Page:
Hilda Dokubo is a renowned Nollywood actress, producer, youth advocate, model and television personality. She was born and grew up in Buguma, a community in Asari-Toru in Rivers State, South-South Nigeria. The first child among six children, Hilda had her education at Government Girls Secondary School, Port Harcourt. She had her B.A and M.A in Theatre Arts from the University of Port Harcourt.
Since her foray into Nigeria’s big screen in 1992, the A-list actress has never looked back. In fact, she is one of the few passionate theatre practitioners who have invested time, energy and money in the value chain of the movie industry. Hilda Dokubo had an extensive discussion with Oludare Sorunke, Executive Editor, BLACKWASH.
Good afternoon. It’s really a pleasure meeting with a high calibre Nollywood actress like you. Can you tell us about yourself?
My name is Hilda Dokubo. I’m an actor, acting coach, talent scout, entrepreneur and activist.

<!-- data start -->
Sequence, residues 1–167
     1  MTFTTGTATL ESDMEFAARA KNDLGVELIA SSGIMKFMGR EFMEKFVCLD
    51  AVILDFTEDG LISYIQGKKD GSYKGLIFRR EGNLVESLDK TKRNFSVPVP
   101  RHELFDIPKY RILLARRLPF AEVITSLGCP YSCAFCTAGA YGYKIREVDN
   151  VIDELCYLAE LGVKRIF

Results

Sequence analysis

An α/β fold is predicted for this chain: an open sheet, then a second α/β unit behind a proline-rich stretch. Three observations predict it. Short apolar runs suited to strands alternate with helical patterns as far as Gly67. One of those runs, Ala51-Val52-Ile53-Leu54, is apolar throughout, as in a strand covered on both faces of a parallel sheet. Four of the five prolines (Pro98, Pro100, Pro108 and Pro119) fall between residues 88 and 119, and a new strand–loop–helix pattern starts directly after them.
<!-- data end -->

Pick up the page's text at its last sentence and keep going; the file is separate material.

Can you tell us when you joined Nollywood?
I joined Nollywood in 1992, same year I came to Lagos for my National Youth Service- NYSC. programme.
Since 1992, have you looked back? How has the journey been?
It’s been a beautiful journey, with lots of learning, unlearning, relearning, making friends, losing friends along the way. There has been breaking and mending, turbulence sometimes, but worth every minute. Altogether, It’s been an awesome journey.
How did you start your career in Nollywood?
I started entertainment at age 7 as a radio presenter. I was presenting a children’s programme. From 8 years old, I had started stage productions. I joined big screen Nollywood after my university education. I would say that I was one of those restless kids who wanted to do many things at a time and would ask unending questions.
As for Nollywood, the journey started when I was posted to Lagos for my National Youth Service-NYSC. I was initially posted to a secondary school. Teaching came naturally to me because I am the daughter of a teacher. However, I eventually did my NYSC at NICON Insurance. While there, I knew that I was not cut out for 9-5 work. It was a really boring time, reading newspapers from morning till evening in the name of doing research. I got busy doing throw pillows and soft furnishings. A couple of friends had come to visit me and I was trying to see them off when they informed me about an audition at St Finbarrs College, Akoka, Lagos. When we got there, I was shocked when suddenly, I heard my name for casting.